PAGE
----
The company not only supplies the general public throughout the Valley with ice, but also is under contract to supply the Pacific Fruit Express with a large proportion of the ice required by that company for refrigeration of shipments from the Valley. The main office of The Imperial Ice and Development Company is also located at Riverside and under the same management as the other companies. The company also operates the ice plant located at Coachella, with a daily capacity of 30 tons.

THE EL CENTRO FIRE DEPARTMENT
BY JOS. F. SEYMOUR, JR.

IT Is the consensus of opinion of the people of El Centro that the El Centro Volunteer Fire Department is a live organization, a credit to the community and to itself. It has a membership limited to twenty five members. The membership consists in the main part of business and professional men, the majority of whom have been members of this department for more than five years.

The department has grown from one wherein the sole equipment was a little, old two wheel cart to one which is now equipped with a combination -automobile hose and chemical wagon and an auto pump and hose truck, together with a hook and ladder truck. The department is housed in spacious quarters and has elegant club rooms, the furnishings of which are among the finest in the entire state, the same being owned by the members of the department.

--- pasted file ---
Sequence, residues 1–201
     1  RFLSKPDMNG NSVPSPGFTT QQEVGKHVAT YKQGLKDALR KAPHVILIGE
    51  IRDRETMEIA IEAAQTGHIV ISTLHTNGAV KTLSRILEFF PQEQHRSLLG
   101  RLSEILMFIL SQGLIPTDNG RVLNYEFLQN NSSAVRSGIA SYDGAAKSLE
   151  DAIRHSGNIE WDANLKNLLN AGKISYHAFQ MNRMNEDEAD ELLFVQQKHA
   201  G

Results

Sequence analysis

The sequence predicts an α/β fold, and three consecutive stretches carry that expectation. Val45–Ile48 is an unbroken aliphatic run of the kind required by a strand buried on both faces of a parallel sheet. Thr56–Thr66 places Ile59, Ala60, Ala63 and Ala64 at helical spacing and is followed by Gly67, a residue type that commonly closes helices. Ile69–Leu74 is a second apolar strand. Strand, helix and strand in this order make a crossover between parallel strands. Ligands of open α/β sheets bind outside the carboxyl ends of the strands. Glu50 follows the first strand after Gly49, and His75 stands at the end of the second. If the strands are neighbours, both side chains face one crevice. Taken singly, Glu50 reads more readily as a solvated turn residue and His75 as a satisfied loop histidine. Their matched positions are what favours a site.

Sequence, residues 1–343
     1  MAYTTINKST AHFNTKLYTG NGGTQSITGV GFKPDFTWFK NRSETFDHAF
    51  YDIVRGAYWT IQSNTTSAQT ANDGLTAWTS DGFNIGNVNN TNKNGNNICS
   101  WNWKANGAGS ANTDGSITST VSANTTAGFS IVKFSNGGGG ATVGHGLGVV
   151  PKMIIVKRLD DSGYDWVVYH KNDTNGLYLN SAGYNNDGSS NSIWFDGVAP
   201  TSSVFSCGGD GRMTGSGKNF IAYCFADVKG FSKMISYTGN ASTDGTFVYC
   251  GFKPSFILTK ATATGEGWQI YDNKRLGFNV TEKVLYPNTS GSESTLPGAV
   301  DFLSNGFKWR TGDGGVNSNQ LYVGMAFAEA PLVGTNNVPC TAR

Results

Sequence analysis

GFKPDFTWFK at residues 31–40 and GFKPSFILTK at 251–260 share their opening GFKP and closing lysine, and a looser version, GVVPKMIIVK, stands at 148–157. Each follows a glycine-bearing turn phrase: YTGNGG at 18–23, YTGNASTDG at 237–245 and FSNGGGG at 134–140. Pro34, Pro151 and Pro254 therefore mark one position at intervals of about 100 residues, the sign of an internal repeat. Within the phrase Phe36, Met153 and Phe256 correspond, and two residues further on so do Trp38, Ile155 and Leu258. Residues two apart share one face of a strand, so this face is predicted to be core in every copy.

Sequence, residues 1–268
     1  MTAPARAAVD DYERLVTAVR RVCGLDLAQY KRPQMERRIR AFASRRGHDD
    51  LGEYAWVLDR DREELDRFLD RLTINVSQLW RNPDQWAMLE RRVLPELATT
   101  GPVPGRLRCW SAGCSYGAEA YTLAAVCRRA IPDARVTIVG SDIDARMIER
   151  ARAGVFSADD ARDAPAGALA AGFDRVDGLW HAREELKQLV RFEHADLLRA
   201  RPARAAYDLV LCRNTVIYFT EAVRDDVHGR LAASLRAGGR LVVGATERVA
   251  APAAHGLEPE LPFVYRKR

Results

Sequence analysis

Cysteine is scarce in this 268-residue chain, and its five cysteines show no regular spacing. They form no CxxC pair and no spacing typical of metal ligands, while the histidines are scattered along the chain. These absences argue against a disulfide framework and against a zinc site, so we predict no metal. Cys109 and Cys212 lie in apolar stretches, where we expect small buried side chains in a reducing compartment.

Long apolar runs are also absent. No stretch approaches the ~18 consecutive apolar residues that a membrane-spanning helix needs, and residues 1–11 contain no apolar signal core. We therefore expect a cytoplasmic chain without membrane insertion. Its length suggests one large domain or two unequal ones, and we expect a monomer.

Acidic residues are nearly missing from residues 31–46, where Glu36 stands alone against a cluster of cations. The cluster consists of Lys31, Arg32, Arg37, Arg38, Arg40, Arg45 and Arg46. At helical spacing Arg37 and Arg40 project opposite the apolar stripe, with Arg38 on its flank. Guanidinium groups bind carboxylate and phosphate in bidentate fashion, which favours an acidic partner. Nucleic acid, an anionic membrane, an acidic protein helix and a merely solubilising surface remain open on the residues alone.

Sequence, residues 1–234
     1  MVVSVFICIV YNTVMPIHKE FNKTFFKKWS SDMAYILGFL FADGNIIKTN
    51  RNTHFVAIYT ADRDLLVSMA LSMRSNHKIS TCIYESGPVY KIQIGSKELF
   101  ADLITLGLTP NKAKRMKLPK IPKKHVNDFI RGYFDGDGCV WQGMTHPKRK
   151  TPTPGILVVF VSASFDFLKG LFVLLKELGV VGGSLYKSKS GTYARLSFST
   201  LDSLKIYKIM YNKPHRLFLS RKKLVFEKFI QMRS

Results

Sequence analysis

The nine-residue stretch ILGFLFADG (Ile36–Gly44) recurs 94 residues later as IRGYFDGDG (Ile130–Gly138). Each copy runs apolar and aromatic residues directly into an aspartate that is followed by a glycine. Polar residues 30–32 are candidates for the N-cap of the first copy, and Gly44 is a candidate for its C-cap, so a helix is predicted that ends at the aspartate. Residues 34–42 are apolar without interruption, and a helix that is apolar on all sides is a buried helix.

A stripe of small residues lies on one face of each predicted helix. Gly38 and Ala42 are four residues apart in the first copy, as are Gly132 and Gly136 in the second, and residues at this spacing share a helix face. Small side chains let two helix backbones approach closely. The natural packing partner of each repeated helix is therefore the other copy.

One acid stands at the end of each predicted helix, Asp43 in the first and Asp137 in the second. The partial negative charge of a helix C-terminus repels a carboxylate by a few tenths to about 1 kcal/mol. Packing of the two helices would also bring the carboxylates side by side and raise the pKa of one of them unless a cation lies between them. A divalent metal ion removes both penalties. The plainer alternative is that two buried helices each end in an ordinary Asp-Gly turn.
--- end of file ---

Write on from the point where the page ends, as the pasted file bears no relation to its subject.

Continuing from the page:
The department has furnished its quota of men to the national army, together with hundreds of dollars in cash to the government patriotic associations, among which were liberal cash donations to the Red Cross and $700 for an ambulance.

The citizens of El Centro at all times exercise the privilege of calling on the department to aid the community in those things which are for the betterment of all concerned, and the department always responds in a way that guarantees success.

One of the most notable efforts of the fire department was when, on the last day of the second Liberty Loan drive, members of the department collected in the neighborhood of $150,000 from the city of El Centro.

The department has a business organization in connection with its fire department organization. The fire alarms are sounded by whistle, the town being divided into districts. Officials of the city and people familiar with fire departments and organizations throughout the United States have been very liberal in their favorable comment as to the efficiency and equipment of this department. A spirit of cooperation exists between this department and departments of other towns in the Valley, all of which departments are volunteer organizations, equipped with modern apparatus, and it can well be said that the entire membership of all the departments represents the best citizenship of the Valley.